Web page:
Isatuximab Triplet Showcases Encouraging PFS in High-Risk Multiple Myeloma

Tony Berberabe, MPH @OncBiz_Wiz
Published: Saturday, Sep 14, 2019

Simon J. Harrison, MBBS, PhD

Simon J. Harrison, MBBS, PhD

Adding the CD38-directed monoclonal antibody isatuximab in combination with pomalidomide (Pomalyst) and dexamethasone improved progression-free survival (PFS) in both standard-risk patients with relapsed/refractory multiple myeloma and those with high-risk cytogenetics, according to subgroup findings from the phase III ICARIA-MM study that were presented at the 17th International Myeloma Workshop (IMW) Scientific Program.

In the analysis, high cytogenetic risk was defined as ≥1 for del(17p), t(4;14), or t(14;16) abnormalities and was performed by central laboratory at study entry. Cut-offs for del(17p), t(4;14), and t(14;16) were 50%, 30%, and 30%, respectively.

Overall response rate (ORR) benefit was maintained regardless of the high-risk cytogenetic cut-off definition used. Further, PFS benefit was observed in patients with standard- and high-risk cytogenetic risk. The median PFS for patients at high-risk who received the isatuximab regimen was 7.5 months versus 3.7 months in patients who received pomalidomide/dexamethasone alone (HR, 0.66; 95% CI, 0.30-1.28). In standard-risk patients, the median PFS was 11.6 months in the combination arm versus 7.4 months in the monotherapy arm.

In July 2019, the FDA accepted a biologics license application for isatuximab for the treatment of patients with relapsed/refractory multiple myeloma, based on the overall ICARIA-MM data.

In an interview with OncLive during the 17th IMW Scientific Program, Simon J. Harrison, MBBS, PhD, hematologist and disease group lead: myeloma, Peter MacCallum Cancer Centre, discussed the subgroup findings from the ICARIA-MM study in relapsed/refractory multiple myeloma.

OncLive: What benefits were observed with the isatuximab triplet in the high-risk cytogenetic population?

Harrison: In the high-risk cytogenetic population, we saw a significant increase in response rate–up to about 50% compared with 20%. The majority of that benefit was an increase in very good partial response (VGPR) rate, which was around 30% compared with around 3% in the control arm of the study. [This means that] isatuximab is increasing the depth of response as well as the ORR.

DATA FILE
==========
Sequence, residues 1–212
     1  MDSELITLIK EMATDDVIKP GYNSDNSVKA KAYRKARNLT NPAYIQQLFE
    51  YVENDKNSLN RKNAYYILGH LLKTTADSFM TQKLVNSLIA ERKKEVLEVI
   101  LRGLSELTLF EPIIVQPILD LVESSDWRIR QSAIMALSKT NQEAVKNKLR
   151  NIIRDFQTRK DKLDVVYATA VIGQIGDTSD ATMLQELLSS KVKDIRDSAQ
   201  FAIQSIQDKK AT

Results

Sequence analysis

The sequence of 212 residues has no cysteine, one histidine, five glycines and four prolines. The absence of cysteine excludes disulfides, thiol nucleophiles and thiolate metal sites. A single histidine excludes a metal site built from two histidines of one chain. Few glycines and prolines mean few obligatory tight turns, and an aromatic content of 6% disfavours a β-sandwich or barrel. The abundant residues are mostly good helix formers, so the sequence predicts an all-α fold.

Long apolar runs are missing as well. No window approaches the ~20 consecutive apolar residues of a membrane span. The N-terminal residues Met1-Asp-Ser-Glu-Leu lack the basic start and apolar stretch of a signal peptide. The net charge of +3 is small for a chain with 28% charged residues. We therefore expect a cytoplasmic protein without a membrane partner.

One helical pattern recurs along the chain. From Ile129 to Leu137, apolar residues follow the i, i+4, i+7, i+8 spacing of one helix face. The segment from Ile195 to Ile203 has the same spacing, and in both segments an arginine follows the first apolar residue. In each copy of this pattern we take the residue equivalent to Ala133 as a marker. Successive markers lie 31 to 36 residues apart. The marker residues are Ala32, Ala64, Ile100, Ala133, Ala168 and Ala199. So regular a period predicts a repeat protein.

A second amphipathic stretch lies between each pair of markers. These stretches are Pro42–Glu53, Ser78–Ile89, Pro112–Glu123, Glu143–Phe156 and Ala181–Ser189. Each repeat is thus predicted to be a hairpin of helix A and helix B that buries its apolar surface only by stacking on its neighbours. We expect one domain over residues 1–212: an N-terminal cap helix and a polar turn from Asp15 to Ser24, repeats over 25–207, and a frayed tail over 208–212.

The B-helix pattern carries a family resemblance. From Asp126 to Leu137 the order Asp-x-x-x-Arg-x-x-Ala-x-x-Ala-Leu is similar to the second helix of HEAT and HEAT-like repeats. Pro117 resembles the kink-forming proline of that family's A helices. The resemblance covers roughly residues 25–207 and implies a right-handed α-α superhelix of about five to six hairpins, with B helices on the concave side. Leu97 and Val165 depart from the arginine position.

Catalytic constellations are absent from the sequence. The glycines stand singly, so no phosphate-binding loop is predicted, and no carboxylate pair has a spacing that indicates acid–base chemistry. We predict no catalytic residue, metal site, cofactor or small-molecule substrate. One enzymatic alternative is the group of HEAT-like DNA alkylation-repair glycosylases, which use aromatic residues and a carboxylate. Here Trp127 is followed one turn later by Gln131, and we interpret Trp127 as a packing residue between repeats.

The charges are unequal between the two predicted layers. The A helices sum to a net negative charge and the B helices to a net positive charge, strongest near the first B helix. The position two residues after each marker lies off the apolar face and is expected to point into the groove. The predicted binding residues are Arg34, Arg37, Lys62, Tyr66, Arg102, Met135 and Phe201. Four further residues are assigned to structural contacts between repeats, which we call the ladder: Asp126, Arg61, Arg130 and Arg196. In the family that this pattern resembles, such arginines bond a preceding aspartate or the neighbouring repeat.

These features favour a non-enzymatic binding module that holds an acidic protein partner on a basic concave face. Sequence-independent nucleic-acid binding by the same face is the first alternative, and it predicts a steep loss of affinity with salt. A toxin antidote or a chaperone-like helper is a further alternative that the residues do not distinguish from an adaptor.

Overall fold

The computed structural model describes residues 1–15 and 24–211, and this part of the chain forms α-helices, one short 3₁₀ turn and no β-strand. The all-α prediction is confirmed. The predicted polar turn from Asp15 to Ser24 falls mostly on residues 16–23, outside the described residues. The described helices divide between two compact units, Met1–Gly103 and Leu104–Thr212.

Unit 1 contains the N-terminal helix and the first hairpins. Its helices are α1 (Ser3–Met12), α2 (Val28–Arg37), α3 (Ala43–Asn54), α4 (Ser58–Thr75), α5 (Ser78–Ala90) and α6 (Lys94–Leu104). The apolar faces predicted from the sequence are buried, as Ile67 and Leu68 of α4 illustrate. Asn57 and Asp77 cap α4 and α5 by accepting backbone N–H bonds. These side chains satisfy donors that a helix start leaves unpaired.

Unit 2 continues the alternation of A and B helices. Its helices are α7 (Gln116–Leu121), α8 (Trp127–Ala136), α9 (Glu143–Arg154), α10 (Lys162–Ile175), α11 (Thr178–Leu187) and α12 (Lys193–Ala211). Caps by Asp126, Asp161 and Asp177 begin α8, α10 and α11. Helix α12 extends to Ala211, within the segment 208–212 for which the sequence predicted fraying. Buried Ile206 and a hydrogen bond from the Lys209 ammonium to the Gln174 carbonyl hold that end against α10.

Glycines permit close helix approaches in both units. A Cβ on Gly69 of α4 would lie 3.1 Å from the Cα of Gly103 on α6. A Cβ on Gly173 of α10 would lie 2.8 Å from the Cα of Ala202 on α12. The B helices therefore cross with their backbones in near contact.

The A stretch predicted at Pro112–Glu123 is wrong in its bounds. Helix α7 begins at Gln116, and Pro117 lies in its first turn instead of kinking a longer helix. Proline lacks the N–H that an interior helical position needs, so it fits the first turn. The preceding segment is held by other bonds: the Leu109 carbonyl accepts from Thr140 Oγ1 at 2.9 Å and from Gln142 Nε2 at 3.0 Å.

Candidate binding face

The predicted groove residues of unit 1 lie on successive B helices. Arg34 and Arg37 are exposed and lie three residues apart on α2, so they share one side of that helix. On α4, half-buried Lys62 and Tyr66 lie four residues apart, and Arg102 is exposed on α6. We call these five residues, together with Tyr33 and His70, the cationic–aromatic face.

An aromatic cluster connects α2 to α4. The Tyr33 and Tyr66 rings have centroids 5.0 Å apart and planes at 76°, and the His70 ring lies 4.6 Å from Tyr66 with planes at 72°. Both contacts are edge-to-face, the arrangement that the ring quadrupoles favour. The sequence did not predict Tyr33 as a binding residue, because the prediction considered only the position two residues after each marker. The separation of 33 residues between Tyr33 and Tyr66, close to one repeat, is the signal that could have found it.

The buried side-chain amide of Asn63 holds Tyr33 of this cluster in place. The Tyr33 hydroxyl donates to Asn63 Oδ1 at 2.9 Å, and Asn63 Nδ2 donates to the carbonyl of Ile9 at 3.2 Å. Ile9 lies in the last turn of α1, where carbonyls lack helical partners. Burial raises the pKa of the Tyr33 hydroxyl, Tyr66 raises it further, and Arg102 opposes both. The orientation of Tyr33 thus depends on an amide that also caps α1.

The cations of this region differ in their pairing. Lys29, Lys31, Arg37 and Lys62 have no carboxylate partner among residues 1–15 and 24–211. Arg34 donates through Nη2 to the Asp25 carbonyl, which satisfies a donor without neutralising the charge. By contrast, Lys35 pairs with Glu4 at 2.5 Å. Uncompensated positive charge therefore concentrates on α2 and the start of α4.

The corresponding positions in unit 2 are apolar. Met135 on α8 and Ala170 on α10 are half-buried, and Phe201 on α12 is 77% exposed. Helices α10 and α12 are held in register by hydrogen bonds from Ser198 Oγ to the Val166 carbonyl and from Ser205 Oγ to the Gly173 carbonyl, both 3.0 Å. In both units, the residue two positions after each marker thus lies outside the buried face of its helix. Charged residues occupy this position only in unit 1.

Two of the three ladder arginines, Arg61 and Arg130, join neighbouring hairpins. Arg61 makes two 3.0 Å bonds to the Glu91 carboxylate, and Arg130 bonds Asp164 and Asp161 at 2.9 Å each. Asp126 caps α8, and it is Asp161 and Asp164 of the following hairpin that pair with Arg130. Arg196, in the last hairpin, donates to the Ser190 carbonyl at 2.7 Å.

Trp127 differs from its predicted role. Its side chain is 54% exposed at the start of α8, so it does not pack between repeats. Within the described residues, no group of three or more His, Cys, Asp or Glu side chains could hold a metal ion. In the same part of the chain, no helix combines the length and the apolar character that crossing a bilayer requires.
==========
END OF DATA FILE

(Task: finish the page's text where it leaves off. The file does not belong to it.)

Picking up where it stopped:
What do these outcomes mean for patients with high-risk cytogenetics?

Patients with high-risk mutations across the board do less well, in terms of achieving a response but also in maintaining that response. The addition of isatuximab to pomalidomide and dexamethasone improves both response rate and duration of response. Therefore, a response that lasts for 5 minutes is not that helpful, whereas if you maintain that response for much longer, then clearly that’s an important marker to suggest that the overall survival (OS) will follow that when the analysis is complete in the future.

Patients with high-risk cytogenetic abnormalities benefit at least as much as standard-risk patients from the addition of isatuximab to pomalidomide/dexamethasone, so there is no reason not to offer that therapy to these patients. If you look at the odds ratio, in terms of the response, it seems that those patients with high-risk abnormalities benefit even more than the standard-risk patients.

It doesn’t overcome the overall negative impact of the high-risk abnormality, but it’s a step along the way to help the patients in that area of need achieve better outcomes.

What are some of the unique features of isatuximab?

This molecule, isatuximab, uses a different epitope. It has a different adverse event profile, particularly in terms of reduced infusion reactions. Therefore, it has better tolerance for patients, so it offers a new alternative to daratumumab (Darzalex) in the clinic.

It may be because of the slightly different mechanism of action that it may be more effective in certain subgroups, particularly in those patients with high-risk cytogenetic abnormalities.

What else should be noted about the activity in those with high-risk abnormalities?

High-risk cytogenetics were defined in the study as del(17p), t(4;14), and t(14;16). The individual numbers of each of those abnormalities in the study was relatively small, so it’s hard to say what the overall impact of those abnormalities was across the study population. However, it seems to be that all of the high-risk populations benefitted similarly compared with the overall study population. The magnitude of the difference seems to be maintained.

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